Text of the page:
It’s time to put human faces back into customer service like B&Q have done employing retirees who are D&Y fanatics and who really know what they are talking about.

And it’s time to break down the myth that big is better when it’s usually confused. In the case of BT left and right hands belong to completely different bodies. Imagine a left hand whom you don’t know and isn’t yours trying to blow your nose. My BT experience has been that bad.

Oh and it isn’t over. They called to say could they fix the TV by sending an engineer? Suspiciously I agreed. Then the paperwork was emailed. They are planning to go where we used to live. The trouble is I can’t get through to them to say don’t go there we’ve moved.

Tuesday, 14 April 2015


The late David Abbott created this wonderful advertising campaign for BT starring Bob Hoskins with his gritty, man of the people voice. At the time I thought it was perfect, capturing as it did the raison d’etre of this big cuddly company.

This month I’ve changed my mind.

Over the several hours that I’ve talked to BT employees over the past month I’ve concluded this lumbering beast needs dismembering and fast. Everyone I’ve talked to from Jordan, Louise, Kate, Mia, Dali to Helen and many others have been articulate, intelligent and well mannered. But the cock-up over which they’ve calmly presided is baffling.

On the 18th of March they accepted my reporting of an imminent change of address and my order for fibre optic broadband with all the bells and whistles at the new address.

A week later having received no confirmation of the order I called and was unable to reach anyone apart from the BT sales team trying to sell me BT Mobile. It was like enquiring  what the next train for London was and being asked if I wanted to buy a banana. Eventually I got someone who said they could help and they told me the first order had not been processed for technical reasons and a new one would be raised.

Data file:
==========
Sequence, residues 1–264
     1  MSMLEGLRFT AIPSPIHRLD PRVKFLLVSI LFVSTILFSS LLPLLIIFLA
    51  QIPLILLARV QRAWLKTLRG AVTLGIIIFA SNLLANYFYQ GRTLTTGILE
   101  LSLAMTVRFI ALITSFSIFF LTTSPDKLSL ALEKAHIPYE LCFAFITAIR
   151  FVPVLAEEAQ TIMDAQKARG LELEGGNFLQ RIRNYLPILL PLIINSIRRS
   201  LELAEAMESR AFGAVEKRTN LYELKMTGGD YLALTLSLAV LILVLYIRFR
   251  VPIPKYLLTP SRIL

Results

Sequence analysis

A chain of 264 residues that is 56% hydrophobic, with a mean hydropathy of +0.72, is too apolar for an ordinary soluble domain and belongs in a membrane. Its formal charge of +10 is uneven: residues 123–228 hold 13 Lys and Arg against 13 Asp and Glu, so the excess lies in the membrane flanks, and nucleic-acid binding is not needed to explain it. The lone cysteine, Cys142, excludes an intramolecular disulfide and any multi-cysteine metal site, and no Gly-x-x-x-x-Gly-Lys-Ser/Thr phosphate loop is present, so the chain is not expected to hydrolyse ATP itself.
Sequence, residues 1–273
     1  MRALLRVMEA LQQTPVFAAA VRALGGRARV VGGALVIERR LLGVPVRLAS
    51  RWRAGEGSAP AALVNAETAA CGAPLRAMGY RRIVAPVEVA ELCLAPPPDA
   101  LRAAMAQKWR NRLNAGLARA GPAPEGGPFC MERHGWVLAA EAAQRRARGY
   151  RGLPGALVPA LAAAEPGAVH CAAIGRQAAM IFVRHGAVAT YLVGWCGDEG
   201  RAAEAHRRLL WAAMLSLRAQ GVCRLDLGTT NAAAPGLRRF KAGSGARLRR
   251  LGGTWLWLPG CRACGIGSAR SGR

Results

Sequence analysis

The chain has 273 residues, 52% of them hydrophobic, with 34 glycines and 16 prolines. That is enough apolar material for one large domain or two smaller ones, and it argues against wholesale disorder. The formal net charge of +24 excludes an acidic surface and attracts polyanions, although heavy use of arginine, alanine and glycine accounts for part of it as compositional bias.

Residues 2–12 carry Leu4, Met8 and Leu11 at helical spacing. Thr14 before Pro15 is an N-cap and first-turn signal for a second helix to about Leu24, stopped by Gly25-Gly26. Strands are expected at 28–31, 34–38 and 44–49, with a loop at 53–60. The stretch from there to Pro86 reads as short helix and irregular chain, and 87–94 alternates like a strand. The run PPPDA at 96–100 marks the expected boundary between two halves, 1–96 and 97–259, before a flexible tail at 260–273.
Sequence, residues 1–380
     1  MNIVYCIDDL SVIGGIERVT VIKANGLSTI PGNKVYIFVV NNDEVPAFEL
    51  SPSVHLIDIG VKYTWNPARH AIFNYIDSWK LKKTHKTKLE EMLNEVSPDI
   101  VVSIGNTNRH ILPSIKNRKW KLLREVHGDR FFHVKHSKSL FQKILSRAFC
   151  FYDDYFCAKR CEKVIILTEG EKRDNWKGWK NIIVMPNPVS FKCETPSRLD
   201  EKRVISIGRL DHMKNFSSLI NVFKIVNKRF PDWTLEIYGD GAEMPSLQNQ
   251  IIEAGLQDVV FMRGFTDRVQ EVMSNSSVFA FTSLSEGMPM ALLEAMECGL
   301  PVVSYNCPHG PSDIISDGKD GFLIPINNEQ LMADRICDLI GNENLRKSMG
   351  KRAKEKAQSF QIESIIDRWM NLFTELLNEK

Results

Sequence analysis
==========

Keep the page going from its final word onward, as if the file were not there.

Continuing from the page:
Hurray. It was and I was e-mailed confirmation and told an engineer would call to sort everything at the new address on April 2nd and that the kit would be sent.

The kit arrived. BT were really bringing it all together. So ‘twas on a Wednesday morning when the BT man came to call….only he didn’t.

And when I complained was told the earliest anyone could call was April 16th.

And then called again to say that was now April 20th. Because the sun was shining, Brighton is laid back and England had just won a cricket match I didn’t shout and was calm and reasonable and the Indian said wistfully “thank you Sir for being so nice in these circumstances”.

And then I got an invoice for the old address for my office which is where the broadband is based which didn’t mention termination so I rang and they denied all knowledge and said the line would remain live till April 20th this being the earliest they could react.

So I have broadband working where I used to live and nothing where I do live.

And about four hours of my life have been spent talking to people who are doing their best but do not grasp that the customer’s always right and needs to be satisfied.

But it’s all clearly my fault and I should be so lucky as to have BT supplying me.

BT is a beast.

I’m going to have to fire them but they’ve been family all my life so it’ll be a real wrench.
I’m going to check out alternatives and move on from bureaucracy….or not.

As Bob Hoskins might have said “it’s good to walk”.

Sunday, 5 April 2015


As Easter is upon us, I'm pleased to say almost all is well in the new Hall household, relocated after weeks of effort and some anxiety.

However, as regular readers will know, Richard had weeks of multitasking to carry out in the run up, as his gorgeous assistant (and love of his life) suffered an attack of some virus so severe it seems as if it must have been man-flu (- strange in itself as this means it jumped the gender barrier!).

Kate is well now, but Richard is puggled.  Partly this is due to two weeks of skirmishing with BT whose warm words and reassuring customer service platitudes bely astonishing failures and delays in transferring his broadband service to the new domain.

Consequently Richard will not be writing this week.  Sit tight friends and he will return next week.


The Blogmeister.